Plastic, foam and waste management woes

December 18, 2018

Nov. 27, 2018

By Nate Smelle

Last Wednesday, I had the opportunity to sit in on a thought-provoking discussion between members of Hastings Highlands council and operations manager Adrian Tomasini, regarding the municipality’s interest in keeping soft plastics – polyethelene (PE) – and foam products – polystyrene (PS) – out of its landfills.
The enlightening conversation took place following a presentation by Tomasini which stemmed from a resolution put forth by deputy mayor-elect Tracy Hagar. In an effort to protect the environment, extend the life of local landfills and save the municipality money, Hagar’s resolution directed staff to research ways the municipality could divert these materials from its waste collection sites.
PE is typically used to produce plastic bags and packaging for paper towels, toilet paper, water bottles and pop cases and food containers; while PS is most often used to protect products such as electronics and furniture during shipping. The main problem with these materials is that their usefulness is extremely short-lived. Though the durability and lightweight of these products contributes to their effectiveness, it also makes them a heavy burden on the environment and the bottom line of waste management budgets for municipalities throughout Ontario and around the world. The same durability which makes these materials useful in the short-term, also causes them to wreak havoc on ecosystems worldwide. Furthermore, during his presentation Tomasini explained how PE and PS increase the overall cost of waste management operations because they take so long to break down, damage equipment and contaminate other recyclables.
Near the end of the discussion Hagar suggested Hastings Highlands take the lead on this issue by initiating a letter writing campaign to lobby the provincial government to ban soft plastics and Styrofoam, stating, “We have no place for them, they should be going into our landfills, they shouldn’t be ruining our earth, so what can we do now?”
Putting a little extra thought into Hagar’s question on the ride home, I recalled an initiative led by Sydney Snow, a Grade 3 student from Pelham, who decided to approach local restaurant owners and businesses to encourage them to stop using single-use plastic straws and utensils to help protect wildlife and the environment. Deeply disturbed by a video she saw online of a sea turtle having a plastic fork surgically removed from its nostril, she felt the need to do something and she did.
Within only a couple weeks of launching her campaign, Snow had convinced several restaurant and business owners in the Niagara Region to choose biodegradable alternatives. What made Snow’s campaign such a success was her realization that each of these business owners – and every one of us for that matter – has the potential to make a difference for future generations through the choice choices we make.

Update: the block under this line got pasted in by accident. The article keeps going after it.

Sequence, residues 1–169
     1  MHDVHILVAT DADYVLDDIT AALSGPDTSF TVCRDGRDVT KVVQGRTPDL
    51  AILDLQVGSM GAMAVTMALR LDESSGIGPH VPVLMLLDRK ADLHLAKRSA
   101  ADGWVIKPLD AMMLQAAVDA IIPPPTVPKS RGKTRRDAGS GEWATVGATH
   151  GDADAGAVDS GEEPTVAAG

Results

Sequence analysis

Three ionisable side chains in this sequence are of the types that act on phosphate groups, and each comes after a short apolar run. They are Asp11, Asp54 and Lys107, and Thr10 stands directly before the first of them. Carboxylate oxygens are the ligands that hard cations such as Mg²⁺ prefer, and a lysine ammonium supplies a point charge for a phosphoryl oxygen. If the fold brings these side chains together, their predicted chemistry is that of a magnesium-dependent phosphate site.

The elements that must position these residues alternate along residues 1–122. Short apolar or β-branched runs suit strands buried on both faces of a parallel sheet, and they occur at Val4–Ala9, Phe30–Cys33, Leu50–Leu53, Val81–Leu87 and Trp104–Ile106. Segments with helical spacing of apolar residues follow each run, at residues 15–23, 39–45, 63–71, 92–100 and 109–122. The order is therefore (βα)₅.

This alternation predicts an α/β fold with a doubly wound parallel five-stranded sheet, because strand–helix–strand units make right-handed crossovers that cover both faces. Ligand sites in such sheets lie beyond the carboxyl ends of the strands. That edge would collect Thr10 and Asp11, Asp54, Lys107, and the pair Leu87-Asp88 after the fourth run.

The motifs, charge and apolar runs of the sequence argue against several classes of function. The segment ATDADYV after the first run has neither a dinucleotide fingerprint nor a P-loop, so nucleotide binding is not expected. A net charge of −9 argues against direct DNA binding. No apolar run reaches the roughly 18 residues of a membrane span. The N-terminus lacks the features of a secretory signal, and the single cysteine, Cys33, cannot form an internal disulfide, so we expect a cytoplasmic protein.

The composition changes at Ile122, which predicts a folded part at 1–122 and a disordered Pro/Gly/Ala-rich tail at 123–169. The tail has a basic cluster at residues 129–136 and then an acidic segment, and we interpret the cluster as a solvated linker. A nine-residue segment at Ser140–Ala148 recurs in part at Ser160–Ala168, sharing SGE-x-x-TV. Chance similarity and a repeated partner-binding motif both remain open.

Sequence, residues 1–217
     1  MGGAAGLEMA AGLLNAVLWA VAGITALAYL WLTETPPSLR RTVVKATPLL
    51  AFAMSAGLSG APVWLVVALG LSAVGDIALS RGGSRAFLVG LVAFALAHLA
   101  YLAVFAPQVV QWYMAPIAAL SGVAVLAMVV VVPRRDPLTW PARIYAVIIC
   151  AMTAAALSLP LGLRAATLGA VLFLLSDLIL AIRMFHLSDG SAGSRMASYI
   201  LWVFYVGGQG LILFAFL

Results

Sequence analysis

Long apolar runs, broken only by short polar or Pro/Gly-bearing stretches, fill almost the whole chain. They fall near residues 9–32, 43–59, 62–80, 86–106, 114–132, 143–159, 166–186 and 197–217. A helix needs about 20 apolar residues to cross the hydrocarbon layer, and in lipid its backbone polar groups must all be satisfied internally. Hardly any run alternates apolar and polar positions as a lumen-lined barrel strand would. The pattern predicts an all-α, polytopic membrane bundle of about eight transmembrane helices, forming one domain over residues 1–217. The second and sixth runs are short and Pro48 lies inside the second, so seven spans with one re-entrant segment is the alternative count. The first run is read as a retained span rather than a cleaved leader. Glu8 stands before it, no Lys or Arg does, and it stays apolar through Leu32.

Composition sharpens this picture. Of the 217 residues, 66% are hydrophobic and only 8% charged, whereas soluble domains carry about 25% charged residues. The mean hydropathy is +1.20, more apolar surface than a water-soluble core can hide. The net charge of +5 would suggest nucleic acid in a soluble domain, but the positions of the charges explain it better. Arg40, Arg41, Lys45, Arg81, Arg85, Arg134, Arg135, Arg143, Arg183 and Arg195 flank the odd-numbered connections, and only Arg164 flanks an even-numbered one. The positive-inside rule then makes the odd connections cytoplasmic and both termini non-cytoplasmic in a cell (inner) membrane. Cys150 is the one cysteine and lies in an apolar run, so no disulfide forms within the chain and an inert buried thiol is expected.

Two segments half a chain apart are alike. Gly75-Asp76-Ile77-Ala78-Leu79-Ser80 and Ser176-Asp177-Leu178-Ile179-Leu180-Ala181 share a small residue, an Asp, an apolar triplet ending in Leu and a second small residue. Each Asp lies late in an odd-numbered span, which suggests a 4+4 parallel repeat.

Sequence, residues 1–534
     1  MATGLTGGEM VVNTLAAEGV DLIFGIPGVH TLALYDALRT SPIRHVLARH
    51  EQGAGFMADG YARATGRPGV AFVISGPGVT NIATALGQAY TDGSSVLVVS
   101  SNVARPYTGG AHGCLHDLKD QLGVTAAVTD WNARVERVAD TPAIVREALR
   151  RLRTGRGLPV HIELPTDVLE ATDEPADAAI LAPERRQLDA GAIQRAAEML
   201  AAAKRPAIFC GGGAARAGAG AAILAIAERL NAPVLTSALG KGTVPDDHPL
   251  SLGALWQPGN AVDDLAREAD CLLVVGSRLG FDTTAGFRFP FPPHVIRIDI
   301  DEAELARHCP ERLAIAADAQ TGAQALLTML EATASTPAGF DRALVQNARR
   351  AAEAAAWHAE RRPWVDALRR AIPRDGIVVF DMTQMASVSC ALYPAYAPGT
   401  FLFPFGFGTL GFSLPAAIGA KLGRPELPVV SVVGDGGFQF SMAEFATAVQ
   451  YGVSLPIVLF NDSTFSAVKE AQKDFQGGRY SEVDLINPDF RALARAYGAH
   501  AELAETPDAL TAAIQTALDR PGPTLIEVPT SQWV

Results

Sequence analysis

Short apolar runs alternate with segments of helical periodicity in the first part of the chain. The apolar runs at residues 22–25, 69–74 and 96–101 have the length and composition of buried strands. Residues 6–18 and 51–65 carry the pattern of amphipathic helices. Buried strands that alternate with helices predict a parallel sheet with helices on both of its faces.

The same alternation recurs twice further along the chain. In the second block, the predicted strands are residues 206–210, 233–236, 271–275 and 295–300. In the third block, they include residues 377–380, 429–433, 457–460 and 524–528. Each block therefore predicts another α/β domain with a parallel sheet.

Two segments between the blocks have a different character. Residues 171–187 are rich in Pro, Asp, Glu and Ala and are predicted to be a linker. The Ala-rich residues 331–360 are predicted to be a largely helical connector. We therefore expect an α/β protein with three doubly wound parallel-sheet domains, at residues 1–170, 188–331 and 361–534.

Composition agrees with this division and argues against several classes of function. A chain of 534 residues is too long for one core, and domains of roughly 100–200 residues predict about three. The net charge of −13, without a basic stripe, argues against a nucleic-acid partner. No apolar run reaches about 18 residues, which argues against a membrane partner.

Through my investigation I learned that the wide range of carcinogenic, neurotoxic, and hormone-disruptive chemicals used and generated from plastic production deplete our personal health when they enter our water, soil and air.
One sad testament to the ecological destruction caused by non-biodegradable single-use materials such as PE and PS is found in the story of a sperm whale that recently washed ashore off the coast of Indonesia. When marine biologists began dissecting its carcass to find out how the whale died, they discovered it had ingested 5.9 kgs of plastics, Styrofoam and other toxic trash.
I also found a homegrown example of this global shame uncovered by a recent report from Environmental Defence which revealed that there is now more than six million bits of plastic per square kilometre in the Great Lakes. Living in North Hastings one does not need to look far to see how pervasive this problem is locally. Take a stroll along any highway or paddle the shoreline of your favourite lake and it won’t take long to gather more evidence than you can carry home.
Petitioning the government to step in and impose a soft plastics and Styrofoam ban is a great idea. But, as Hagar alluded – something needs to be done now.
In response to Hagar’s question regarding what we can do now to tackle this problem, I suppose each of us has the ability to implement our own soft plastics and Styrofoam ban by voting with our dollars. This does not necessarily mean we need to boycott businesses that use these products, it simply means we need to stop using the costly disposable products they provide us with for the sake of convenience. So, instead of using a straw with your beverage or taking home Styrofoam containers, plastic knives and forks, we can bring our own containers and utensils. As the undesirable materials such as PE and PS stockpile in the storage rooms of the businesses we support, they will soon find no need to reorder them. In turn, the companies manufacturing them will also eventually find them too costly to produce.



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